Regarding Elder’s application for a conditional-use permit, they also recommended a denial based upon the record at the public hearing, stating that “the applicant has not demonstrated a need for a conditional use in this area. It is not consistent with the residential neighborhoods surrounding it or the wildlife refuge, which is in close proximity.”

They also stated that they were unclear on what the property would actually be used for and the “range of potential uses is not consistent with the property’s location on Double Bridges Road, which is also used as an evacuation route.”

Residents expressing opposition to the proposed zoning change at the council’s Tuesday meeting represented many areas, including Providence – a community of three-story townhouses that would look down on the proposed property – Summerfield, Plantation Park, Shady Dell Park and Savannah’s Landing. They were united in their argument of neither wanting nor needing a commercial property so close.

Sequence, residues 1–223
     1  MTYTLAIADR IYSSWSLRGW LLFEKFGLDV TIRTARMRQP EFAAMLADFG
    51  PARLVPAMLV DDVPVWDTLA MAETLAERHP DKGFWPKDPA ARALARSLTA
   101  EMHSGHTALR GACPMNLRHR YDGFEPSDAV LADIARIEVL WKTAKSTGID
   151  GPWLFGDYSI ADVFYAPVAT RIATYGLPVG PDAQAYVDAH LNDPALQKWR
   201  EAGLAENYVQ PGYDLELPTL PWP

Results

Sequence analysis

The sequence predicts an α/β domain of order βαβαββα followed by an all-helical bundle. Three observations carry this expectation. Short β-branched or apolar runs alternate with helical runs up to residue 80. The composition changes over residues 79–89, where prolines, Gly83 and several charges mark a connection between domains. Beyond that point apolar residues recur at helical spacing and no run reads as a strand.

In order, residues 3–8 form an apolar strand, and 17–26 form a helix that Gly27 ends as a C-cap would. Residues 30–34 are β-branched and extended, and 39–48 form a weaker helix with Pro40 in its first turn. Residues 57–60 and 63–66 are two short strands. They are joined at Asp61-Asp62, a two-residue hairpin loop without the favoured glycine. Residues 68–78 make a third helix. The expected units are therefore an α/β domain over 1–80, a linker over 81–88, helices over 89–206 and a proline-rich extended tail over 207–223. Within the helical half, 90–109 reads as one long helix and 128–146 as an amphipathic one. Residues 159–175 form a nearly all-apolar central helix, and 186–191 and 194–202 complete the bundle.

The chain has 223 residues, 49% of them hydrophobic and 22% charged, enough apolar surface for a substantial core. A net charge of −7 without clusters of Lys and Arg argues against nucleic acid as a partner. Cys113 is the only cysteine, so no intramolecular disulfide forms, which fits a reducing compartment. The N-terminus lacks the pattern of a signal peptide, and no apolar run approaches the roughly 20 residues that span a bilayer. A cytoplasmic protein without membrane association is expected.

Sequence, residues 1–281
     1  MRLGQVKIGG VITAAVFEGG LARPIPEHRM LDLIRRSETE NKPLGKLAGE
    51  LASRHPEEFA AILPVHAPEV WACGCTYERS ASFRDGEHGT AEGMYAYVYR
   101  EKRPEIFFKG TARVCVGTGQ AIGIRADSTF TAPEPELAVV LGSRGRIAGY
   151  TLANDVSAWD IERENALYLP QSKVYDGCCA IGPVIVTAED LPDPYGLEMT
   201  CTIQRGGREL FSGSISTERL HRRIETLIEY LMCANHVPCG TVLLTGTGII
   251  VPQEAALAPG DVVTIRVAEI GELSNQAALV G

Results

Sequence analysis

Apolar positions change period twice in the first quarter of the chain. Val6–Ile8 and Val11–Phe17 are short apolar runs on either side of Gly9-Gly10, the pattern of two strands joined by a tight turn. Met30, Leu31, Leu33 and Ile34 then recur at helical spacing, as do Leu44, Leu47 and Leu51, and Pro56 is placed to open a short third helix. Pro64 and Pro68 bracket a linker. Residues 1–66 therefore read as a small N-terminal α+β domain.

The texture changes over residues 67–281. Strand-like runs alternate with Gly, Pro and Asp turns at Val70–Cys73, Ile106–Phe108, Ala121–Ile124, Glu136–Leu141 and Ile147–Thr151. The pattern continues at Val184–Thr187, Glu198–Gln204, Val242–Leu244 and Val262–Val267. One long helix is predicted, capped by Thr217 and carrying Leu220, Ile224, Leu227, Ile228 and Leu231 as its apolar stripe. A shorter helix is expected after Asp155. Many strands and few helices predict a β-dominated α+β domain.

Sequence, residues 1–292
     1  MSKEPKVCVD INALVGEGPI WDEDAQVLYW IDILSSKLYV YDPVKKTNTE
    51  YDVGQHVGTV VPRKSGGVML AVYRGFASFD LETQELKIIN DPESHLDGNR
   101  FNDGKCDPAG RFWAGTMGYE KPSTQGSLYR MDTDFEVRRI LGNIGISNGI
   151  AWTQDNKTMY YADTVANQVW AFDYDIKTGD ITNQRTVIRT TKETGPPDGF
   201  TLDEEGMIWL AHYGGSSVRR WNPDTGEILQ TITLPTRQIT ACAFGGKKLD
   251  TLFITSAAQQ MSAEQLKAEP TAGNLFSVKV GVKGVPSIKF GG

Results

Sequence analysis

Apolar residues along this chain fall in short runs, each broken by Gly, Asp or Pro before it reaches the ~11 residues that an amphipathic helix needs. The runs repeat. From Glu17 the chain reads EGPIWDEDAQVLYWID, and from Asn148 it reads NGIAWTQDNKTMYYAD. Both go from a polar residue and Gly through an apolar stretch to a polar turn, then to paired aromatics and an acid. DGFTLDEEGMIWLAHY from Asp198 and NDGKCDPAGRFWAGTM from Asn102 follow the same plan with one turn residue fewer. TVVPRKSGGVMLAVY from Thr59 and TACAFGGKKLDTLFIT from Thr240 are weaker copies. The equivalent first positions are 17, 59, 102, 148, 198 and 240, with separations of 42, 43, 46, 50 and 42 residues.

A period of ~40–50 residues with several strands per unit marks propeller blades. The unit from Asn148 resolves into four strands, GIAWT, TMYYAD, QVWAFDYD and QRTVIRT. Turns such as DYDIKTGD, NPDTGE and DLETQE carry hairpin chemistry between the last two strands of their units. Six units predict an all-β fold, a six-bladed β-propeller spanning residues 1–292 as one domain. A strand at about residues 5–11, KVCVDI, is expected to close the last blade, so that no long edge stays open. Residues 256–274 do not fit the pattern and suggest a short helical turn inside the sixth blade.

Gary Lee Coxe, president of the Shady Dell Homeowner’s Association, offered that there was plenty of commercial space in close proximity.

“There are four drugstores, six banks, five grocery stores, five medical complexes — some vacant – three gas stations, about 15 to 20 restaurants and 10 hair salons within about five minutes, many of which you don’t have to go on Route 26 to get to,” she said. She also said she believed the chances that the property would end up as presented to the council were unlikely.

“It’s slim to nil that it will be as presented,” she said. “I believe it will be sold as soon as possible to make a profit, and then we will have no say. There’s a formula on the Hill about the number of people behind each letter,” she added of the number of people who she believes would oppose the plan but didn’t write a letter doing so, along with the hundreds who did. “And it would be baffling, if not troublesome, for the council to put an investor before the hundreds of permanent, local residents, that are registered voters and taxpayers,” she said.